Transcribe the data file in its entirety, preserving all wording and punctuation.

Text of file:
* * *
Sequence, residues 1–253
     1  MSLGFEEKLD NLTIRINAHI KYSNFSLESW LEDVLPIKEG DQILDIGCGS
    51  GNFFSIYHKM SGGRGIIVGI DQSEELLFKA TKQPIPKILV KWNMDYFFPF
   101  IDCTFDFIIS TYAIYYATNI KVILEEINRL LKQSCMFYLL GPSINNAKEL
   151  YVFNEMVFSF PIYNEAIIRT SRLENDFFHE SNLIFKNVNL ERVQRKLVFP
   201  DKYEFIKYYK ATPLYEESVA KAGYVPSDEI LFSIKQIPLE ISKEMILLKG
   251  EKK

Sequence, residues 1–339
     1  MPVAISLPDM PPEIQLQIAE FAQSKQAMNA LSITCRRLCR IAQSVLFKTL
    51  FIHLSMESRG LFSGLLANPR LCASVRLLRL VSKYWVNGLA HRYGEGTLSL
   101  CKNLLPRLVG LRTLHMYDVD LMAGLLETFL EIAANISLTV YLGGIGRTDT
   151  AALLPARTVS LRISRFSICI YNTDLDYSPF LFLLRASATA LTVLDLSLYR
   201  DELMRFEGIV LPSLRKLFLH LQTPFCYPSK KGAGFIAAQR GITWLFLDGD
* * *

Sequence, residues 1–253
     1  MSLGFEEKLD NLTIRINAHI KYSNFSLESW LEDVLPIKEG DQILDIGCGS
    51  GNFFSIYHKM SGGRGIIVGI DQSEELLFKA TKQPIPKILV KWNMDYFFPF
   101  IDCTFDFIIS TYAIYYATNI KVILEEINRL LKQSCMFYLL GPSINNAKEL
   151  YVFNEMVFSF PIYNEAIIRT SRLENDFFHE SNLIFKNVNL ERVQRKLVFP
   201  DKYEFIKYYK ATPLYEESVA KAGYVPSDEI LFSIKQIPLE ISKEMILLKG
   251  EKK

Sequence, residues 1–339
     1  MPVAISLPDM PPEIQLQIAE FAQSKQAMNA LSITCRRLCR IAQSVLFKTL
    51  FIHLSMESRG LFSGLLANPR LCASVRLLRL VSKYWVNGLA HRYGEGTLSL
   101  CKNLLPRLVG LRTLHMYDVD LMAGLLETFL EIAANISLTV YLGGIGRTDT
   151  AALLPARTVS LRISRFSICI YNTDLDYSPF LFLLRASATA LTVLDLSLYR
   201  DELMRFEGIV LPSLRKLFLH LQTPFCYPSK KGAGFIAAQR GITWLFLDGD